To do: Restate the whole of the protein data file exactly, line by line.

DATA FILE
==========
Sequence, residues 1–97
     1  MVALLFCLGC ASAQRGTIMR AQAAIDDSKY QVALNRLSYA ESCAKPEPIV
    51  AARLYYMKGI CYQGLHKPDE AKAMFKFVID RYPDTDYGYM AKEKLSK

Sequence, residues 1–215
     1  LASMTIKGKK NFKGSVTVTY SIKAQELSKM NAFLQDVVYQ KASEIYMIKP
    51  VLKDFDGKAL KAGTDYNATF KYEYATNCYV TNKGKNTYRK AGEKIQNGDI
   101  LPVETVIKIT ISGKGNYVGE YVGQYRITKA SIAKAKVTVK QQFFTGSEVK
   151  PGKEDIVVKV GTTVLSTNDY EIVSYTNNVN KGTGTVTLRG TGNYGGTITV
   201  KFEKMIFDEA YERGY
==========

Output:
Sequence, residues 1–97
     1  MVALLFCLGC ASAQRGTIMR AQAAIDDSKY QVALNRLSYA ESCAKPEPIV
    51  AARLYYMKGI CYQGLHKPDE AKAMFKFVID RYPDTDYGYM AKEKLSK

Sequence, residues 1–215
     1  LASMTIKGKK NFKGSVTVTY SIKAQELSKM NAFLQDVVYQ KASEIYMIKP
    51  VLKDFDGKAL KAGTDYNATF KYEYATNCYV TNKGKNTYRK AGEKIQNGDI
   101  LPVETVIKIT ISGKGNYVGE YVGQYRITKA SIAKAKVTVK QQFFTGSEVK
   151  PGKEDIVVKV GTTVLSTNDY EIVSYTNNVN KGTGTVTLRG TGNYGGTITV
   201  KFEKMIFDEA YERGY